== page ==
Knowledge sharing using Semantic Web technologies
Author: Nick Kings
SEKT (Semantic Enabled Knowledge Technologies)
A major barrier to a widespread use of knowledge management systems in industry and organizations arises from the necessary overhead of knowledge modelling and annotation. SEKT will address these and other challenges by an interdisciplinary approach focussing on substantially reducing the overhead of knowledge modelling and annotation of sources. This will be done by integrating Ontology & Metadata Technology (OMT), Human Language Technology (HLT), and Knowledge Discovery (KD) into a uniform and scalable framework that supports the integrated learning and management of ontologies and metadata in a (semi-) automatic way.
The three technologies will be combined to produce semi-automatic tools for the creation of ontologies, the population of those ontologies with meta-data, and the maintenance and evolution of the ontologies and associated metadata. A knowledge access tool will also be developed to make use of the ontologies and associated metadata to meaningfully access the knowledge. Middleware software, with published APIs, will enable the suite of tools to interoperate. Specifically, the use of ontologies and metadata underlies the SEKT components, and the whole approach; human language technology will be used to extract metadata; knowledge discovery will be used to semi-automatically learn and evolve ontologies.
Much of current research has focussed upon the individual and their use of knowledge. Profiles of users are built up model aspects of a user’s behaviour, and subsequently infer what information that user may want to see. From the research surveyed, a number of themes can be identified:
· Dynamic context - roles
A knowledge sharing tool should be designed with an awareness of the tasks that a user is trying to achieve. In the simplest case, a user could visit an information portal, as part of their day-to-day tasks. As a user moves through an information portal, information associated with the current page can be presented. In this way, users can perform complex context-based searches without being aware that is being undertaken on their behalf. The context here is derived from the portal’s underlying ontology , , , , , .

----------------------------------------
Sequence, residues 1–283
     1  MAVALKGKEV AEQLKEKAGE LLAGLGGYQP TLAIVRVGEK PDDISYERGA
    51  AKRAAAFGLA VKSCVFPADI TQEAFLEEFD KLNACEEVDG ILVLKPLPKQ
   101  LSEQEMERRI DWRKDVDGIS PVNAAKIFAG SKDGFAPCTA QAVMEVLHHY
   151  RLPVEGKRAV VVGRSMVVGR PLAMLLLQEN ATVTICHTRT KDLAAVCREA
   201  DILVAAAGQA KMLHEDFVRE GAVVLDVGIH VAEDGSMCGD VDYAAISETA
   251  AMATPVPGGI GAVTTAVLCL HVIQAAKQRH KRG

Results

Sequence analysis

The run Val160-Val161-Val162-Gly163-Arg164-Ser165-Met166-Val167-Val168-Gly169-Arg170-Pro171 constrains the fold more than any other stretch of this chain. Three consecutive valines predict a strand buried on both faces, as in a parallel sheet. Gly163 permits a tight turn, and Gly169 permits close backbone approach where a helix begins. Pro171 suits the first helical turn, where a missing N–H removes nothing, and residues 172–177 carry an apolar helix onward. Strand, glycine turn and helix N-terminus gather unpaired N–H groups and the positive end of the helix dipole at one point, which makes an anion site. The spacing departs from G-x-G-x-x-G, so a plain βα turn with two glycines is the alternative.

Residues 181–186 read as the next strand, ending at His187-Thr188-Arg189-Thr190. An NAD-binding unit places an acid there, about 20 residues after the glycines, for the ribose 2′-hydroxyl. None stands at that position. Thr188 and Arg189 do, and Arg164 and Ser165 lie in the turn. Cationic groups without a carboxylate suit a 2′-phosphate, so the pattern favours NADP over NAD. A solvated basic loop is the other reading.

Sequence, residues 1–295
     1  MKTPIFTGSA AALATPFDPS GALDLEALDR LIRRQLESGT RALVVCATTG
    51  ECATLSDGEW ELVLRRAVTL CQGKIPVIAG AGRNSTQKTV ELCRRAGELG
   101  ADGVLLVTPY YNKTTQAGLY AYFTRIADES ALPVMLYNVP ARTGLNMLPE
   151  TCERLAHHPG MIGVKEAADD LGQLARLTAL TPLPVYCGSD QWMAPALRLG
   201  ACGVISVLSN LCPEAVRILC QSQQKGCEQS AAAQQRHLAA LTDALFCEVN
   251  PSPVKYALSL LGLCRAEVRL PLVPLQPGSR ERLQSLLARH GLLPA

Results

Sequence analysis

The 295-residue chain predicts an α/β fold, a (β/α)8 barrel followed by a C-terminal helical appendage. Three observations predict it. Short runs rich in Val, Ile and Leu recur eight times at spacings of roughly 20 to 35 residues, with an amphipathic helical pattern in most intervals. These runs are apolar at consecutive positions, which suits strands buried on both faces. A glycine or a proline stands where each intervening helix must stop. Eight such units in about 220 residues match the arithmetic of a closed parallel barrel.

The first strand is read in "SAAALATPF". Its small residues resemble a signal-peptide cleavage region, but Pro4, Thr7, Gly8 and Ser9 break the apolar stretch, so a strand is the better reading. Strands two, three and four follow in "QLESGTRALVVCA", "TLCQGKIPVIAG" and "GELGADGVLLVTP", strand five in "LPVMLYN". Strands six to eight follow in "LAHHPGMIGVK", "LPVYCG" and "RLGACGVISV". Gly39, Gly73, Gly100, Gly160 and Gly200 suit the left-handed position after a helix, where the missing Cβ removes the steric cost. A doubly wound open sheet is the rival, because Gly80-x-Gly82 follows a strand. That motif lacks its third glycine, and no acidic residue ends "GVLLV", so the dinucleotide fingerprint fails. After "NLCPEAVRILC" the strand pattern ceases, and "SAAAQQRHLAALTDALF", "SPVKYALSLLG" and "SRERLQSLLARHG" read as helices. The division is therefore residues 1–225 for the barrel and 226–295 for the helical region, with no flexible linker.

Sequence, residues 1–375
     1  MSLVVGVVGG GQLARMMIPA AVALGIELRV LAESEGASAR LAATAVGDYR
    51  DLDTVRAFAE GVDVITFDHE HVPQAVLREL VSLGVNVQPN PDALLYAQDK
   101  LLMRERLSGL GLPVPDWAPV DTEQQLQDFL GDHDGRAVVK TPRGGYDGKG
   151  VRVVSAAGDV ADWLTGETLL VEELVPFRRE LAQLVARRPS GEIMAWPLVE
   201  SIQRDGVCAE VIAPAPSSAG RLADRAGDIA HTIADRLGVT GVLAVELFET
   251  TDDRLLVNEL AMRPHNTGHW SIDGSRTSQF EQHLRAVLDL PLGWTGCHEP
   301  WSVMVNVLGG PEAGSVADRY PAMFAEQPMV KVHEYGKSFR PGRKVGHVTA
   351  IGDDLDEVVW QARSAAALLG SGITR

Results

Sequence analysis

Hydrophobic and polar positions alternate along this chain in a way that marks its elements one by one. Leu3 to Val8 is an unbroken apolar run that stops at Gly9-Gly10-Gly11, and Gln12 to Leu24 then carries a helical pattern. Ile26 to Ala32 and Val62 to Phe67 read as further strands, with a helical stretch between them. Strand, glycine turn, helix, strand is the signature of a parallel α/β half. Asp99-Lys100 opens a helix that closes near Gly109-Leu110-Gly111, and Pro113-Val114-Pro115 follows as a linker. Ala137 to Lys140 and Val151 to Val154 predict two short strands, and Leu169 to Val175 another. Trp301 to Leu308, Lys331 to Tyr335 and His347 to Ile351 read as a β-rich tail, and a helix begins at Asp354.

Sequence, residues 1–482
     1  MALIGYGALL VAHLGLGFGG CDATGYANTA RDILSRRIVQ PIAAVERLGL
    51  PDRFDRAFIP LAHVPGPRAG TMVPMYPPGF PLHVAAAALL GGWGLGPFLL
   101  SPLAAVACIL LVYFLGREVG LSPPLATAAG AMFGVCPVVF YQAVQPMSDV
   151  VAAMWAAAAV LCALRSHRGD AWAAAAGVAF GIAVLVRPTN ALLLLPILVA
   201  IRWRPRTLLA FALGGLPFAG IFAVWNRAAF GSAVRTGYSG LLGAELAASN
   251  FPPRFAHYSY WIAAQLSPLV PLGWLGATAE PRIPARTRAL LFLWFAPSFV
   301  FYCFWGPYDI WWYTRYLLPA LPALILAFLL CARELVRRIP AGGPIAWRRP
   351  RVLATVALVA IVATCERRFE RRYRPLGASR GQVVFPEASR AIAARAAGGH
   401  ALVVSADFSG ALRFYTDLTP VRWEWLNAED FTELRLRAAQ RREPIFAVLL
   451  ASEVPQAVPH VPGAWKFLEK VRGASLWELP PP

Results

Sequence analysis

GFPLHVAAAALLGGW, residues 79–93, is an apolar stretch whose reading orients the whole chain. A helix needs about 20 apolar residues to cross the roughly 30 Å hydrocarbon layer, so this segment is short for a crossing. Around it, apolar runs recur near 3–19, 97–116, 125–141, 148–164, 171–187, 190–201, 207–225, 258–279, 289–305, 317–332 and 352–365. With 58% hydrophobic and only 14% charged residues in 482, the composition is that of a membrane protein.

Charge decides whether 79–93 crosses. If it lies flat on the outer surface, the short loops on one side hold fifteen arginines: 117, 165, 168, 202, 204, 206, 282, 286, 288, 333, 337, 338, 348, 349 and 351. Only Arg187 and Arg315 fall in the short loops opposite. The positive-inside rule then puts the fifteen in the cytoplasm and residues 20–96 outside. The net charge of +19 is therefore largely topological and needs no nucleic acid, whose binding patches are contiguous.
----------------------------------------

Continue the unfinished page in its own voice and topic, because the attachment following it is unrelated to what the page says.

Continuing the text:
Away from an information portal, the task of inferring a user’s context is far more difficult. A user may undertake a range of different tasks, each using a different set of tools to gather and collate information, such as email and a web browser. Haystack  seeks to overcome this problem by collating all information sources into one place, but that may not be feasible in all circumstances. Research is needed to determine a user’s current focus, and deliver that information in the most appropriate fashion.
· Implicit sharing
An important question to answer is how to make the sharing of knowledge implicit in the normal work activities of a user? Activities such as Jasper , , OntoShare ,  and Eureka , ,  involve some effort to made on the part of the user to share information, but users share information that is already seen to be of value; in approaches such as SWAP , , , Social Web Cockpit , , ,  and “Stuff I’ve Seen” ,  derive as much information as possible from the user’s interactions with other software tools.
If information is shared explicitly, the software tool must be closely coupled with the day to day working of an individual, rather than an additional process. Thus, making knowledge sharing implicit is important, as it lowers the barriers for a user to make a contribution, however, if everything is being monitored, how does the software detect what information is significant or could be applicable in a new situation?
· End user creation of material - governance
A significant amount of research is being undertaken into peer-to-peer knowledge sharing, as well as the gathering and collation of information from wide disparate sources. In a strictly hierarchical organisation, it is possible to find the definitive source of information. However, in a more distributed organisation, or a complex community, a user may seek advice from many different sources, but how is it possible to verify the governance or authority of a particular piece of advice?